We carefully guard our science as apolitical and non-partisan, and we stand for integrity and independence. We study the Earth to provide knowledge that can inform both profitable development and wise conservation of its water, air, soil, as well as mineral and energy resources. We study the Earth’s variation in climate, from the ice ages to the present, as well as the climates of other planets, to understand both natural and human impacts.

As I hope you can see, the Earth and space scientists that our organization represents are passionate about science. I have touched on only a small number of the rich contributions of Earth and space science to humanity, and to America’s future. My colleagues and I would welcome an opportunity to share with you in greater depth how our science touches every aspect of our daily lives.


Eric A. Davidson

President-Elect, The American Geophysical Union

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  1. John Morris

    This is quite good. I wonder if there may also be a benefit to articulating that Science isn’t a competing interest, but rather a tool for informing better decisions about them. It seems that many in the in-coming administration might consider science to be just another opinion to be weighed. Science doesn’t get to be science, without objectivity and repetition. As such, it offers decision makers a reliable standard for clearer communication and transparency. Thanks.

  2. Louise Pellerin

    Thank you Eric for thoughtfulness. I agree that we need to find ways to tell the story of our science in ways that non-scientists can relate.  Further, your ideas about how to engage the private sector in carrying the message to the new Administration is provocative – in a good way.  Thanks for your leadership and I look forward to seeing AGU’s plans take shape.

  3. Hugh Hudson

    That’s OK, but I’d suggest following Jerry Brown’s advice and not be so tepid. Where is the message about sudden global climate change?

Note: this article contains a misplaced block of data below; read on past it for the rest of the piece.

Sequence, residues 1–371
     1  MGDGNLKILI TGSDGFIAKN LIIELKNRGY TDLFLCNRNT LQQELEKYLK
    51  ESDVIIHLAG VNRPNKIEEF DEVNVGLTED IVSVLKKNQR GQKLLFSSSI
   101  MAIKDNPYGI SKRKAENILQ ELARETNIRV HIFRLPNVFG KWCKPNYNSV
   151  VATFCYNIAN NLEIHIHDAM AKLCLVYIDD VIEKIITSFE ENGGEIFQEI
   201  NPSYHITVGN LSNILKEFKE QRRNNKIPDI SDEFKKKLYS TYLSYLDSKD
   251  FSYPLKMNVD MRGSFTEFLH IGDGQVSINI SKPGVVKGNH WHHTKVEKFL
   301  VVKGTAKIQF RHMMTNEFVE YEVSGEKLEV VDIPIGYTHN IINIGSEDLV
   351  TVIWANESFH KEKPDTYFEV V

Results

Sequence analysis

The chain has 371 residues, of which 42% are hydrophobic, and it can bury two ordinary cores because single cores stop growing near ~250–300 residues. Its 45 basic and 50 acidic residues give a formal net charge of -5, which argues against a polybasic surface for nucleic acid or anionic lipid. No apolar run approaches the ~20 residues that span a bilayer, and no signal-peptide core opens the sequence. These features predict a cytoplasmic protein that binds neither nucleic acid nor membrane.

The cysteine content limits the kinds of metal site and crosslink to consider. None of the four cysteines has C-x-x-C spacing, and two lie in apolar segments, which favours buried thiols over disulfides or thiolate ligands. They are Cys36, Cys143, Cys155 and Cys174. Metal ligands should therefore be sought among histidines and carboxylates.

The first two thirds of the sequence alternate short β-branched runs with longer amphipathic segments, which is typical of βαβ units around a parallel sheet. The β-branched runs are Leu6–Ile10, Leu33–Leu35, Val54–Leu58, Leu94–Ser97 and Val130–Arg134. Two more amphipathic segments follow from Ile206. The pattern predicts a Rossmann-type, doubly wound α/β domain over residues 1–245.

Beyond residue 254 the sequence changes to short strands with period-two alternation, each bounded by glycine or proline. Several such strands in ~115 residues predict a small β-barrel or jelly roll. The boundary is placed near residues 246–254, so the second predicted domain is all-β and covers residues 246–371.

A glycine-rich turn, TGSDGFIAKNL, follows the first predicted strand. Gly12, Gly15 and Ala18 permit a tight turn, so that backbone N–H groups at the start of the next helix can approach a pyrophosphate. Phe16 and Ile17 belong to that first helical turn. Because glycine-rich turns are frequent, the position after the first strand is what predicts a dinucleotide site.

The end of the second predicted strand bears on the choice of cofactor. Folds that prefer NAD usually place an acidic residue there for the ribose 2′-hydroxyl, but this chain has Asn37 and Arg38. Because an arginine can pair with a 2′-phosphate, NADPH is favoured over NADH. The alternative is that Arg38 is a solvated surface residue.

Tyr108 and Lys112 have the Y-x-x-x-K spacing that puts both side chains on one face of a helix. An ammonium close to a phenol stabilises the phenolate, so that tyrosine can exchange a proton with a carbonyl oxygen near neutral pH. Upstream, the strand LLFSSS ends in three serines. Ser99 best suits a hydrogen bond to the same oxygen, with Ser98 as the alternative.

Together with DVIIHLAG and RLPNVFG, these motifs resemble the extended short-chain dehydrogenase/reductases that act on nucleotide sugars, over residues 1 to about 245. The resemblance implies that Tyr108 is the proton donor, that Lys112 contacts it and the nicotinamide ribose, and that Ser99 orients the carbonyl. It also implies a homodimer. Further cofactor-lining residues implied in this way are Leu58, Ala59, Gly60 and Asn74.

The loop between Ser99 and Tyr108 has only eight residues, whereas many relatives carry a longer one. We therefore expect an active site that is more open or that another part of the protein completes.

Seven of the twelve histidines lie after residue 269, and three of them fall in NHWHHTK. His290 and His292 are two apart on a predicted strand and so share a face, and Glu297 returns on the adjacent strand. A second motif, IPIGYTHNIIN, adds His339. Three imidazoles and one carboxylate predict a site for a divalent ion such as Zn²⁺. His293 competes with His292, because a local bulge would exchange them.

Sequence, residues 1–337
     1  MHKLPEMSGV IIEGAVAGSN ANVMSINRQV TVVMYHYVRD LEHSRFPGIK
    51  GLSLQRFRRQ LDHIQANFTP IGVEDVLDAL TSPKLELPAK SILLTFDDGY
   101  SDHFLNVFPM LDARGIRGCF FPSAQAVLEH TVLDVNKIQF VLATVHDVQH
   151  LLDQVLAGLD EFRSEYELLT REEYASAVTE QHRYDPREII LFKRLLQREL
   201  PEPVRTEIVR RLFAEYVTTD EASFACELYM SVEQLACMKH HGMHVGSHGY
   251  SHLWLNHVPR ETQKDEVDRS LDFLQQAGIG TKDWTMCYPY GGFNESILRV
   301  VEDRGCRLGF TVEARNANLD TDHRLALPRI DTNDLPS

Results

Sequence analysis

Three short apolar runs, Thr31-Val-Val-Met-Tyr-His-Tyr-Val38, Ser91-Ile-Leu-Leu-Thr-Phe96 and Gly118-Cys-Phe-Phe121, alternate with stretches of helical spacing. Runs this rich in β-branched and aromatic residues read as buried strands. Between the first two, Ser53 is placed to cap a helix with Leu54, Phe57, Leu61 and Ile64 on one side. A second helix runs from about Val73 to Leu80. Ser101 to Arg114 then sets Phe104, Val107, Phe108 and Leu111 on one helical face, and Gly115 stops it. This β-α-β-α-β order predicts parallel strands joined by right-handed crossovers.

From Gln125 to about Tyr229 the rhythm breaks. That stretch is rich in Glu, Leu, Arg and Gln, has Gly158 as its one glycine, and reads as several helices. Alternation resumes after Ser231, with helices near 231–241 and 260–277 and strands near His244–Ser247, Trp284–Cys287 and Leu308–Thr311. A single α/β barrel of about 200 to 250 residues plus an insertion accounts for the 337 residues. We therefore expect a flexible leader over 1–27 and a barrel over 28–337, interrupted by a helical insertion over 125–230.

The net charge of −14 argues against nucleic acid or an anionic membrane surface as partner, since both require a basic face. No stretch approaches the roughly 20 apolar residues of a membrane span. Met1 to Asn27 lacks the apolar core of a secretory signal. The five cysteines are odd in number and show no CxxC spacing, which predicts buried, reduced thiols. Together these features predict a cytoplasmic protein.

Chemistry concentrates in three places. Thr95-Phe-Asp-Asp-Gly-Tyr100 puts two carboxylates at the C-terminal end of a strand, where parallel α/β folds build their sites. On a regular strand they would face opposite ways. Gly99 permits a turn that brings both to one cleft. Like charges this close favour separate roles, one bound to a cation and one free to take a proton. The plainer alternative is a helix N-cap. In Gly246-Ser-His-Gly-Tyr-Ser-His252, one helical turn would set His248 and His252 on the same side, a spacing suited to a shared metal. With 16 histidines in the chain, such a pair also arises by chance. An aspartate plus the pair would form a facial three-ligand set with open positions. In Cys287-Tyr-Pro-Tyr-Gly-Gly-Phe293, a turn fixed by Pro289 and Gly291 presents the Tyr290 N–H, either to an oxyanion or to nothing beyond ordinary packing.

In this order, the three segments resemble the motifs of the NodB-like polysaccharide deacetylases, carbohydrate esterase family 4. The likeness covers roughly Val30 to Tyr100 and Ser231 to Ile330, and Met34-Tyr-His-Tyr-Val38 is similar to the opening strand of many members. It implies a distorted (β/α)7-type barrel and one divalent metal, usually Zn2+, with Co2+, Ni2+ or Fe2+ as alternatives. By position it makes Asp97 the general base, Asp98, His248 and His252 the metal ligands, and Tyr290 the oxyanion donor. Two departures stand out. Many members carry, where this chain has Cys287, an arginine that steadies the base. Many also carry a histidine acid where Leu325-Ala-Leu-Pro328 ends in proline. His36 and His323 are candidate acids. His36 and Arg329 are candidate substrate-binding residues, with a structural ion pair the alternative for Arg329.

4. Mark Eakin

    Very nice statement, but I couldn’t help but notice you would say nothing about climate change. This is despite the AGU stand on climate change, including the initial statement “Humanity is the major influence on the global climate change observed over the past 50 years. Rapid societal responses can significantly lessen negative outcomes.”

    I guess it would be a bit awkward, though, to raise this issue when Chevron remains a major sponsor of the Fall meeting and when a former ExxonMobil VP and 30 year employee sits on the AGU board. It might also be hard to explain why many of the union’s members have been leaving over AGU’s continued acceptance of fossil fuel money and why many of its members protested outside the recent Fall meeting.

    Of course, in what you wrote it might be hard to explain the contrast between two petitions. Why is there a major petition of your own members for AGU to follow its own rules and stop accepting funding from any organization that spreads science misinformation? What does that say about AGU’s credibility in petitioning President Trump to bring a Science Advisor into his inner circle? At this point, the two organizations seem in sync. Trump, like AGU will have a life-long ExxonMobil exploration engineer in his inner circle. Both the Trump campaign and the AGU Fall meeting boast oil company sponsorship.

    If the AGU strives to be a legitimate, independent voice of the scientific community, it must shed its fossil fuel funding.